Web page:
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A Breath Between is an ongoing collaboration between Elise Ashby & Stephanie Whitelaw.


As a collective they focus on ecological themes, in particular care for liminal spaces within communities and how they can activate dormant possibilities. 


Most recently they undertook a residency in Can Serrat Barcelona and Peripheri ran as a two part project, exploring urban sites within Portobello and Granton in association with ArtWalk Projects, culminating in an exhibition in the run up to the ArtWalk Porty festival.

Drawing poppies in Eastfield
Drawing the sound of the sea
A rainy session in the underpass
Beginnings with moss
A surprise urban green corridor
Roadside dandelions

Peripheri: Tending to Corners

During winter through to summer 2022, artists Elise Ashby and Stephanie Whitelaw designed and delivered a series of monthly art walks, exploring peripheral sites in Portobello. The project explored the plant growth within unmanaged sites, observing the arrival of self-seeding plants over six months. Participants responded to what arrived through drawing and writing exercises, and some of the texts which inspired the project were read aloud in the space. During the second half of the project, the art materials used during the sessions were partly foraged from the local environment. Including homemade charcoal, plant inks and mussell shell pigment.

They are also places which, in the absence of competing native plant species, are seeing the evolution of authentic urban ecosystems, plant communities new to the planet but entirely appropriate for cosmopolitan built-up areas[…] These backlots are unofficial commons not just because of their rowdy vegetation, but because they are the last informal open spaces left in most cities: weekend strollers pick blackberries, children build camps, travellers’ settlement materialise, complete with horses and goats.’

Richard Mabey on brownfield sites

Exhibition Photos from Peripheri: tending to corners

Photos from the Peripheri project
Exhibition Poster
Installation/ map of foraged items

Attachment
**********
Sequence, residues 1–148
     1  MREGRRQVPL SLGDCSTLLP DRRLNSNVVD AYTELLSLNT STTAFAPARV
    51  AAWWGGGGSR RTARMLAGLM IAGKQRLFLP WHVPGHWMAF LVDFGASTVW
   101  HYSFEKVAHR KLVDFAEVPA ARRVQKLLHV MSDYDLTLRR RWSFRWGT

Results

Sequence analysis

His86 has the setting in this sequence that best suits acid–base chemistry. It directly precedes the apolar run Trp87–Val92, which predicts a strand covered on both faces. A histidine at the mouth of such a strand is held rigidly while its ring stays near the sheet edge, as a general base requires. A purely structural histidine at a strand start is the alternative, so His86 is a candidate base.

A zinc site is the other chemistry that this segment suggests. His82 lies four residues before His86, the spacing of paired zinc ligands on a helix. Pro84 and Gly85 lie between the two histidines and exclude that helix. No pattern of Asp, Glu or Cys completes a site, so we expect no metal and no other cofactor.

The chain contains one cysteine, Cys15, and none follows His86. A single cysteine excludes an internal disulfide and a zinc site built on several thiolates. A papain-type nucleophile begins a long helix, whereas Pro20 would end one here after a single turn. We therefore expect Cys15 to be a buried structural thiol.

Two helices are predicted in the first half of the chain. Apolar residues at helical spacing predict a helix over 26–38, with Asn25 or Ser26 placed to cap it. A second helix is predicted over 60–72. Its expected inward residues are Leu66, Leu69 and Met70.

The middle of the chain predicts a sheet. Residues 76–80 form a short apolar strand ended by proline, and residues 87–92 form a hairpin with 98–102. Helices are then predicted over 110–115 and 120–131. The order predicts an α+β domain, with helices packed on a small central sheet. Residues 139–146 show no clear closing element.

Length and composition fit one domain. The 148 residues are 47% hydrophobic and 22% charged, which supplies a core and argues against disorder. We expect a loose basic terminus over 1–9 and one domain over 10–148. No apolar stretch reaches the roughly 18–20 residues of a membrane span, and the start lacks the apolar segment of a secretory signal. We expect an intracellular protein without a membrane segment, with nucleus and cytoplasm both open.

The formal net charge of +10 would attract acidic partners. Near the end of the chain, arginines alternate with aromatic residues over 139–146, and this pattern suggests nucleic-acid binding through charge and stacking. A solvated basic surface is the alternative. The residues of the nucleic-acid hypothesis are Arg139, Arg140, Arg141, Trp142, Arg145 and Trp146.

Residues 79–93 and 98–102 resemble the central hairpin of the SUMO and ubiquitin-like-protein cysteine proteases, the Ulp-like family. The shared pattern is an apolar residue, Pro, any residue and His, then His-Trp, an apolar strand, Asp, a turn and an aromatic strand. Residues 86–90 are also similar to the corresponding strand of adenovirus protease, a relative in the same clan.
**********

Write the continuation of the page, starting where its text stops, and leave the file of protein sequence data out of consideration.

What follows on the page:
Installation view of exhibition
Works installed outdoors as part of the exhibtion

Peripheri: Granton


In the first part of Peripheri, participants were led from Portobello to Granton following the coast. The route encouraged conversation around the ways in which the coast is accessed and used both by individuals and industry now and in the past.


The walk ended in Granton which has the highest concentration of brownfield sites in Edinburgh and is also the focus of a significant waterfront development plan. Several areas of planned development were held in limbo through the pandemic and in their unmanaged state were responded to spontaneously by humans and non-humans in the interim, suggesting interesting possibilities about the direction communities want for urban spaces of the future.

Event Poster
Participants tuning into sound before walking the coast
Participants in Granton
'soft signs' a participant response to urban signs. text in sea glass reads 'stop, look, listen'
Participant response

Reading Towards Action

Following on from the Peripheri work in Granton. We were invited by A+E (Art & Ecology, Accident & Emergency) to run a ‘Reading Towards Action’ session. While walking in Granton we met a woman named Lesley Hamilton-Messer. She had made an inventory of all of the plants and animals developing a newly rewilded ecosystem in the Granton development site area. We invited her to come to the session and read the list aloud. We also read two poems, Margaret Atwood’s The Moment and Ursula LeGuin’s Infinitive and an extract on ‘Walking the Imagination’ from Ernesto Pujol’s Walking Arts Practice. After the readings we walked to the sea to collect water to write and draw with in response to the plants which had been removed.

From the A+E website:

Informed by the writings of Paulo Freire, Reading Towards Action was kick-started in 2009. By reading texts together in the conflict of interpretation, Reading Towards Action opens up a space for critical reflection and collective action on issues of personal and political concern.

Making water drawings
Participants taking turns to make a water drawing
Participants collecting seawater
Participants gathered for the water drawing exercise
Collecting seawater

Corner Garden

The a breath between collaboration began during lockdown through conversation around a vacant site in Leith. In the months before lockdown a building had been demolished leaving only dry soil and rubble. Work was halted and before long plants began to grow. Buddleia, rosebay willowherb, clover, thistles, poppies, white stone crop and more. The conversation centred around the hopes and frustrations of seeing windows of opportunity come and go in urban spaces for something less managed. 


We began a journey of noticing the plants which self-seed in urban spaces, and spending time in places which have fallen through the cracks of normal city planning, and how this can create a feeling of creativity and freedom.

Corner Garden
Steff litter picking
Rubbish collected in the garden
Litter picking
Early stages of rewilding
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